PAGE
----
The Egyptian equity market is one of the most developed in the area with more than 633 listed firms. Market capitalization on the exchange doubled in 2005 from الجنيه المصري مقابل الدولار الامريكي 47.2 billion to USD 93.5 billion in 2006, peaking at USD 139 billion in 2007. Subsequently, it has dropped to USD 58 billion in 2012, with turnover from USD 1.16 billion in January 2005 to USD 6 billion in January 2006.
Private equity has not been widely utilized in Egypt in the past for a source of financing for companies. The authorities, however, has staged several policy reforms and changes specifically intended to develop internal private equity funds and also to attract private equity financing from international sources.
The significant industries include textiles, hydrocarbon and chemical manufacturing, and generic pharmaceutical production. Unemployment is high at about 10.5%.
Until 2003, the Egyptian market suffered from shortages in foreign currency and too elevated interest prices. A series of budget reforms were conducted in order to redress weaknesses in Egypt's financial environment and to boost private sector involvement and confidence in the economy.
Major monetary reforms were released in 2005 in order to tackle the informal sector which based on quotes represents somewhere between 30% to 60 percent of GDP. Tax cuts for corporations have been introduced for the very first time in Egyptian history. The new revenue tax Legislation No 91 for 2005 decreased the tax rate from 40% to 20%. According to government figures, tax filing by individuals and corporations increased by 100%.
Many modifications were made to reduce trade tariffs. Among the legislators' aims were tackling the black economy, reducing bureaucracy and pushing through trade liberalization steps. Amendments to Investment and business law were introduced so as to draw foreign investors. By way of instance, the amount of times required for establishing a business was dramatically reduced.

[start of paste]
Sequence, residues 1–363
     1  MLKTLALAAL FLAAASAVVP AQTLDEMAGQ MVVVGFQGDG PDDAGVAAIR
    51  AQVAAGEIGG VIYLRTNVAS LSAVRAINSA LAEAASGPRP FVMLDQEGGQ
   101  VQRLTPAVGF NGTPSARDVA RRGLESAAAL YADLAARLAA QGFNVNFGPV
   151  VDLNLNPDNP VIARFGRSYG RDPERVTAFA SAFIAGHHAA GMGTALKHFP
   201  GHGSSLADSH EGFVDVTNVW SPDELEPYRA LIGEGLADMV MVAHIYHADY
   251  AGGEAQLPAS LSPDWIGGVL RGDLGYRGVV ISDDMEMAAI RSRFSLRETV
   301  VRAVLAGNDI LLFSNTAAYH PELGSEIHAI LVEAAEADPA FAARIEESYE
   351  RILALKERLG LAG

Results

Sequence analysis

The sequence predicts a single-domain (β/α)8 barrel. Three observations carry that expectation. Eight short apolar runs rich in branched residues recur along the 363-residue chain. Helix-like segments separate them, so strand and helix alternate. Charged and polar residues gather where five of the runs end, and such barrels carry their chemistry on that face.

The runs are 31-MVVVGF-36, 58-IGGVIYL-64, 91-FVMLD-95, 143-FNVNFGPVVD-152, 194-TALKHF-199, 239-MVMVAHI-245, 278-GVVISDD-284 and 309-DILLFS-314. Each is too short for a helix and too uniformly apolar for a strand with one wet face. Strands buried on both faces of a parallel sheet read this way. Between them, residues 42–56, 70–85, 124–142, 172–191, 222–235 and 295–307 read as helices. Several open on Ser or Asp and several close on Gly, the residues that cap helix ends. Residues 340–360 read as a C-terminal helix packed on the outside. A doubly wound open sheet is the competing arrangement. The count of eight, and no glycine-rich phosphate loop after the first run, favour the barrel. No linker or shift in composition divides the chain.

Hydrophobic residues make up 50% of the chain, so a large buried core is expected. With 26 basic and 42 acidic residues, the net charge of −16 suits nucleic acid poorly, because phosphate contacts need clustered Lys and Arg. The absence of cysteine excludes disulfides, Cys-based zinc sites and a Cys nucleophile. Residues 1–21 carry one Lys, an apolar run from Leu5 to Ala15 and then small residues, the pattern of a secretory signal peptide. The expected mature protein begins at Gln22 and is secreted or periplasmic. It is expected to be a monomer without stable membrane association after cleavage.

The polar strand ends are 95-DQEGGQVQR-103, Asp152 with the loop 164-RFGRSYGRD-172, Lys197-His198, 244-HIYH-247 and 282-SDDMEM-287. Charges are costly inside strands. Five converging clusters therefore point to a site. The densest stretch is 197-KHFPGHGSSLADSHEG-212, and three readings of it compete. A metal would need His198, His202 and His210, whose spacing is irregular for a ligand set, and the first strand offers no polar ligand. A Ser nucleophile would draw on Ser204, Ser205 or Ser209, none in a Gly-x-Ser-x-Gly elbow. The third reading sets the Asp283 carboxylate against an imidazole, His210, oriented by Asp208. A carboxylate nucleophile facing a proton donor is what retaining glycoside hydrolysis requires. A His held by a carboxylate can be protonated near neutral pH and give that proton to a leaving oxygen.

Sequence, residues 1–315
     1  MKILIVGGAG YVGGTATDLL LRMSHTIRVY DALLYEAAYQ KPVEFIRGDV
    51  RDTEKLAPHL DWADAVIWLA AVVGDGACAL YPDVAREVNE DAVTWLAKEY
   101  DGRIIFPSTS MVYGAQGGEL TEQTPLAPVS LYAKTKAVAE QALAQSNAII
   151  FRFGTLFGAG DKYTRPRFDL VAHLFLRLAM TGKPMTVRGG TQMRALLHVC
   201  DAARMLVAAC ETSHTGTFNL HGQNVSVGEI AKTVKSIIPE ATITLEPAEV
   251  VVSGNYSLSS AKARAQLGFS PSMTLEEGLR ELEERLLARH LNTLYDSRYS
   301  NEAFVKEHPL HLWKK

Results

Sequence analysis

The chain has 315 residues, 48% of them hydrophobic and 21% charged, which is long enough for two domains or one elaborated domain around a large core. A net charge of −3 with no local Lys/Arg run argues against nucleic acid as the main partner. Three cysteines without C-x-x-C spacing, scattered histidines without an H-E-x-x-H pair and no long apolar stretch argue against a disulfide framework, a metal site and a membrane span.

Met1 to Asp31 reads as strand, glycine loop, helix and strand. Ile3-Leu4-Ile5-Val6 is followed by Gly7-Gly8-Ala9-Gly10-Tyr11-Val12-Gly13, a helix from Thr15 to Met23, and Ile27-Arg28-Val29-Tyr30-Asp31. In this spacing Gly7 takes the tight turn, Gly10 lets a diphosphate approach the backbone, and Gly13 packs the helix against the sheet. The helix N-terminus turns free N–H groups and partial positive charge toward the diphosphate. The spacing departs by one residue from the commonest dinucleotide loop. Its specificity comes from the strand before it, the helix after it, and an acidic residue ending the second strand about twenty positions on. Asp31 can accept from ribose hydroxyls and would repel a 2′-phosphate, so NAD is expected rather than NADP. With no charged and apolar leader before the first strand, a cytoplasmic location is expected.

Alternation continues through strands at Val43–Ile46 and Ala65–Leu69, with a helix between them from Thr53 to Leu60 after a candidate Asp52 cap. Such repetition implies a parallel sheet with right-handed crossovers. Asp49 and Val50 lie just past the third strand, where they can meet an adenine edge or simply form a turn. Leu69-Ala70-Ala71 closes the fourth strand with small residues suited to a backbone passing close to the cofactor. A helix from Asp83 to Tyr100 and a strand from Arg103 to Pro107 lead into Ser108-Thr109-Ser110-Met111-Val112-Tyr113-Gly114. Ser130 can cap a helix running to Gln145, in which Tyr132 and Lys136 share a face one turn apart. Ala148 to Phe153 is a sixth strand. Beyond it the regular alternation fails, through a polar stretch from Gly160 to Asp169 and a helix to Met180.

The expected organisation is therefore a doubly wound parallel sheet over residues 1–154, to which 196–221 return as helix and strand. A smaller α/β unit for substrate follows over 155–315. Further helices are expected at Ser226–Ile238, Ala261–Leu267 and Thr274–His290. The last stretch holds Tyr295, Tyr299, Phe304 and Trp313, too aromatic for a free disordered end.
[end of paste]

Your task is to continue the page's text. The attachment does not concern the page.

Substantial improvement to the national economic environment improved shareholders' confidence in Egypt. The Cairo & Alexandria Stock Exchange is considered one of the greatest ten emerging markets in the world. The alterations to the policy also brought increased amounts of foreign direct investment in Egypt. According to the UN Conference on Trade and Development's World Investment Report, Egypt was rated the 2nd biggest country in bringing foreign investment in Africa.
Given the high number of amendments to legislation and regulations, Egypt has succeeded to a certain extent in adapting to international standards. Very recently the Cairo & Alexandria Stock Exchange (CASE) was welcomed with full membership into the World Federation of Exchanges (WFE)--the first Arab country to be invited.
Enforcement of these recently adopted regulatory frameworks remain, sometime problematic. Problems like corruption hamper economic growth in Egypt. Many scandals involving bribery were reported during the previous decades. "In 2002 alone, as many as 48 high-profile officials--including former cabinet ministers, provincial governors and MPs were convicted of influence peddling, profiteering and embezzlement. Maintaining good relations with politicians is occasionally a key to business success in Egypt. According to the 2006 Corruption Perception Index developed by Transparency International (in which the higher the rank the greater the amount of corruption), Egypt ranked 70 out of 163. On a scale from 0 to 10 (with 0 being highly corrupt), Egypt scored a 3.3 .
According to a research from the International Organization for Migration, 20 percent of Egyptian remittance-receiving families interviewed steered the remittances towards various forms of investment, although the huge majority (80 percent) was more concerned about utilizing remittances for meeting the everyday needs of their families including spending on health care and schooling. One of the 20 percent of households that decided to spend, 39% invested in property, 22% invested in tiny businesses employing fewer than five people and the smallest percentages of investors (6%) invested in medium private business employing no more than 20 individuals. Based on Egypt's Human Development Report 2008, despite representing approximately 5% of GDP, remittances given the initial capital for just 1.4 percent of newly established small and medium enterprises in Egypt in 2003-2004.
The Stock Exchange capitalisation of listed Firms in Egypt was valued at الجنيه المصري مقابل الدولار الامريكي 79.672 billion in 2005 by the World Bank Falling to $58 billion in 2012